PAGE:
High-flying parents get rewards boost

High-flying travellers brought down to earth by the arrival of a new child have been given a boost by Qantas’ latest change to its rewards program.

苏州美甲培训学校

Regular flyers can find themselves grounded by parenthood, with business travel curtailed by parental leave and vacations put on hold by fresh financial commitments.

That often brings with it a reduction in frequent flyer status and much-coveted bonuses such as lounge access, extra points and potential upgrades.

So Qantas will now allow its 11.2 million program members to freeze their status for 18 months while they care for a new child, whether biological, adopted or fostered.

Qantas Loyalty chief executive Lesley Grant said the airline was responding to customer requests for more flexibility.

“A new addition to a family is an exciting time,” Ms Grant said.

“This initiative means new parents don’t have to worry about losing their hard earned membership benefits.”

The “status hold” is available to both male and female Qantas members and can be provided twice in a five-year period.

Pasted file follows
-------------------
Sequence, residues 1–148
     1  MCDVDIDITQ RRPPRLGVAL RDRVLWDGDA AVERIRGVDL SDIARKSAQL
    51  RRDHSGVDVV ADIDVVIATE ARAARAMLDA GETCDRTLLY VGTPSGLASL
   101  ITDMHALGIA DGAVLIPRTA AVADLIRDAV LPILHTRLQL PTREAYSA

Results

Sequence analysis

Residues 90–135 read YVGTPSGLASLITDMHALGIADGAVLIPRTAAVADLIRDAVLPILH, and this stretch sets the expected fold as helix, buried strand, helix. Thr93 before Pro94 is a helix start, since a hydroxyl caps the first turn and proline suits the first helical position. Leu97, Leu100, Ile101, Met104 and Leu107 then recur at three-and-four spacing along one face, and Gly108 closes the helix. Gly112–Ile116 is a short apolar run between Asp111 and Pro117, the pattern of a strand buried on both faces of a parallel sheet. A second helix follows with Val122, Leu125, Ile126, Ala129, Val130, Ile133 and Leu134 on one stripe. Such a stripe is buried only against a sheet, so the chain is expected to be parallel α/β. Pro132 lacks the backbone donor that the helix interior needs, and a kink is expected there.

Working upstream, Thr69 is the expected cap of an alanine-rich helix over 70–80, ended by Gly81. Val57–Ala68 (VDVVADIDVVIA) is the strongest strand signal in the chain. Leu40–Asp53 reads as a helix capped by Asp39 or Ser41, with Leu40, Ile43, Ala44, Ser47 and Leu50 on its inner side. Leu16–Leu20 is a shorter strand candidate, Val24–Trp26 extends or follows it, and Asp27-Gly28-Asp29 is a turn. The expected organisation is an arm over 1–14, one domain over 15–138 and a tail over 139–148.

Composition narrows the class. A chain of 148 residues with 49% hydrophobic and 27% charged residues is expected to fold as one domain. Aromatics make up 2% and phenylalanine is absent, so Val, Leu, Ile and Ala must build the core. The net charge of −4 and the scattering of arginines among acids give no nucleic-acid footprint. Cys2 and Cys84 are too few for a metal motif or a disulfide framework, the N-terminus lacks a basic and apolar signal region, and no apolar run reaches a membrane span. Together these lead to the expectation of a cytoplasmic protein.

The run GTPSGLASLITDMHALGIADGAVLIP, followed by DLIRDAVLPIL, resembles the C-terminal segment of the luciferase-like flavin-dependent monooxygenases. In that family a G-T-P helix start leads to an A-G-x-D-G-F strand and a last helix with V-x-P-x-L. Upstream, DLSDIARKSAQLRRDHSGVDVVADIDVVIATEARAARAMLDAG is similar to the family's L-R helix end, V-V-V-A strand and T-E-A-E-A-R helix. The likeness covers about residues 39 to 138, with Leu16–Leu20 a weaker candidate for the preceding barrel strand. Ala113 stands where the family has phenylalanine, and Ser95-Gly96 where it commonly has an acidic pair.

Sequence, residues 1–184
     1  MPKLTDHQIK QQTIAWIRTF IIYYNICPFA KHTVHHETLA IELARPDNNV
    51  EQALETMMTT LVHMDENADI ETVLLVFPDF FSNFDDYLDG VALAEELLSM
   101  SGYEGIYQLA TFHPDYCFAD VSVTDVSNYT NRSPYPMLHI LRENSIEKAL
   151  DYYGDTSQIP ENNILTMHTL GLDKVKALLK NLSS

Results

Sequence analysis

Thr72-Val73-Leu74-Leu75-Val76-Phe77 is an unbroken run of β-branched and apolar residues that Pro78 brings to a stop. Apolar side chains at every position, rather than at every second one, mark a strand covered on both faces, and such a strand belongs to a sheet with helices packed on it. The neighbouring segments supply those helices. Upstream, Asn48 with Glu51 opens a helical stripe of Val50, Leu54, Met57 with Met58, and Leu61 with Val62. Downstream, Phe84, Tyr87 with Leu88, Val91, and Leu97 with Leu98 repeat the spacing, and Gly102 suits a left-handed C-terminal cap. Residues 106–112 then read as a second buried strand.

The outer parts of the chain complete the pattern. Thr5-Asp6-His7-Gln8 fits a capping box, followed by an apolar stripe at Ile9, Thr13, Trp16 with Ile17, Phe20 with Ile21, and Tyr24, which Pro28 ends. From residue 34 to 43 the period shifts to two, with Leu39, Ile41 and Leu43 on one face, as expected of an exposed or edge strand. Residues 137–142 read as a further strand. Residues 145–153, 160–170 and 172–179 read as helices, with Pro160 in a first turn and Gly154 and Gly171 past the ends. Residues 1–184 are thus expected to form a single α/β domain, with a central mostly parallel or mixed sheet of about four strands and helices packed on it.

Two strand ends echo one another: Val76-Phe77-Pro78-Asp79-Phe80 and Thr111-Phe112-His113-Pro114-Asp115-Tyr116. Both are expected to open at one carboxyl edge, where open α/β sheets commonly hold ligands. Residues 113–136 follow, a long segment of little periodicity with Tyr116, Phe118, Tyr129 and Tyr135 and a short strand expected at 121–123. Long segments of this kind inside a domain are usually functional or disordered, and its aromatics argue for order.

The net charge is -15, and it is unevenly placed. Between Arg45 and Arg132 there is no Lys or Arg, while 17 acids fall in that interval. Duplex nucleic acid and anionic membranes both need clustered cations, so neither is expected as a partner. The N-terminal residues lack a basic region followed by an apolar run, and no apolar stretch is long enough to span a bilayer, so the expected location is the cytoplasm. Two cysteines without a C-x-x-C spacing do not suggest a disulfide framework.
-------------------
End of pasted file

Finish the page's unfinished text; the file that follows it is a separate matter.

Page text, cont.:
The change in policy was met with support by parent advocacy groups.

“It’s great that they’re recognising that you do have to take time out when you have a brand new baby,” said The Parenthood executive director Jo Briskey.

“It’s definitely something that makes it easier, to take time out and not be disadvantaged for it.”

Melissa Groom from the Empowered Mums network concurred.

“I think it’s really a great benefit to mums,” Ms Groom said.

“It’s a big adjustment period having a newborn, so you’re less likely to be travelling, for sure.”

Qantas’ move to accommodate new parents in its membership program follows earlier moves by rival Virgin Australia.

Virgin gives a six-month “membership pause” for each child under two years old, followed by a 12-month period in which a customer’s membership tier is frozen.

Consumer advocacy group CHOICE welcomed the “family-friendly” change but advised customers against purchasing tickets based solely on an airline’s frequent flyer program.

“As a rule, these reward programs do more for the airlines than they do for you,” a CHOICE spokesman said.